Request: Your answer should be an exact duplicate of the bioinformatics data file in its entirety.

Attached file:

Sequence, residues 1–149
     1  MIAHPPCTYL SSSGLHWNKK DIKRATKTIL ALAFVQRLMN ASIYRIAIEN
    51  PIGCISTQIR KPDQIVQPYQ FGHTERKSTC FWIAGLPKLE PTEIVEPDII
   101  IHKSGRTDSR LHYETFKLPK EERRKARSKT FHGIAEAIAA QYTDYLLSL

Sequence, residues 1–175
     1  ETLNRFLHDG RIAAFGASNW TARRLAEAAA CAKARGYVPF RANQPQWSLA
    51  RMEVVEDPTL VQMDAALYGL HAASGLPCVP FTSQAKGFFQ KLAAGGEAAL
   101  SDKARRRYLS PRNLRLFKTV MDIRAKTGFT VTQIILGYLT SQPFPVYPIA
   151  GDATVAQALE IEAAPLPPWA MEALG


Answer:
Sequence, residues 1–149
     1  MIAHPPCTYL SSSGLHWNKK DIKRATKTIL ALAFVQRLMN ASIYRIAIEN
    51  PIGCISTQIR KPDQIVQPYQ FGHTERKSTC FWIAGLPKLE PTEIVEPDII
   101  IHKSGRTDSR LHYETFKLPK EERRKARSKT FHGIAEAIAA QYTDYLLSL

Sequence, residues 1–175
     1  ETLNRFLHDG RIAAFGASNW TARRLAEAAA CAKARGYVPF RANQPQWSLA
    51  RMEVVEDPTL VQMDAALYGL HAASGLPCVP FTSQAKGFFQ KLAAGGEAAL
   101  SDKARRRYLS PRNLRLFKTV MDIRAKTGFT VTQIILGYLT SQPFPVYPIA
   151  GDATVAQALE IEAAPLPPWA MEALG